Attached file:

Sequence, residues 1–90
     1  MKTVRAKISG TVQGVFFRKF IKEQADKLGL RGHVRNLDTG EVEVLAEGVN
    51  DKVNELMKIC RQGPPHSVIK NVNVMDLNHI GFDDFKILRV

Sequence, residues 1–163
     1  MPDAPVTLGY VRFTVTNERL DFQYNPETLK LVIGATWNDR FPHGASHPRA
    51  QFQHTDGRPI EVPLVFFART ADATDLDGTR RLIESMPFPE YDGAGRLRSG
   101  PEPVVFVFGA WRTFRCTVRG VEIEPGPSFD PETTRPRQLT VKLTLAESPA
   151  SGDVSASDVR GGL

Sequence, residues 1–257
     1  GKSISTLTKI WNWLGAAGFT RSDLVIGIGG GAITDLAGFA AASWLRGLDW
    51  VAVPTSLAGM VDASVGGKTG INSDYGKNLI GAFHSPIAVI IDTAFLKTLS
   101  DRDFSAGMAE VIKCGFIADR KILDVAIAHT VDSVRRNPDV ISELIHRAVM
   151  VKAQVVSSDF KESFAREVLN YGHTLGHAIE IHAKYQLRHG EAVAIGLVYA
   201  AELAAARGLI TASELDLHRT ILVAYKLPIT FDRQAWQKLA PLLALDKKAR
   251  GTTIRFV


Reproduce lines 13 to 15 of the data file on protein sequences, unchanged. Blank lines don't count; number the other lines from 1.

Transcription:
   151  VKAQVVSSDF KESFAREVLN YGHTLGHAIE IHAKYQLRHG EAVAIGLVYA
   201  AELAAARGLI TASELDLHRT ILVAYKLPIT FDRQAWQKLA PLLALDKKAR
   251  GTTIRFV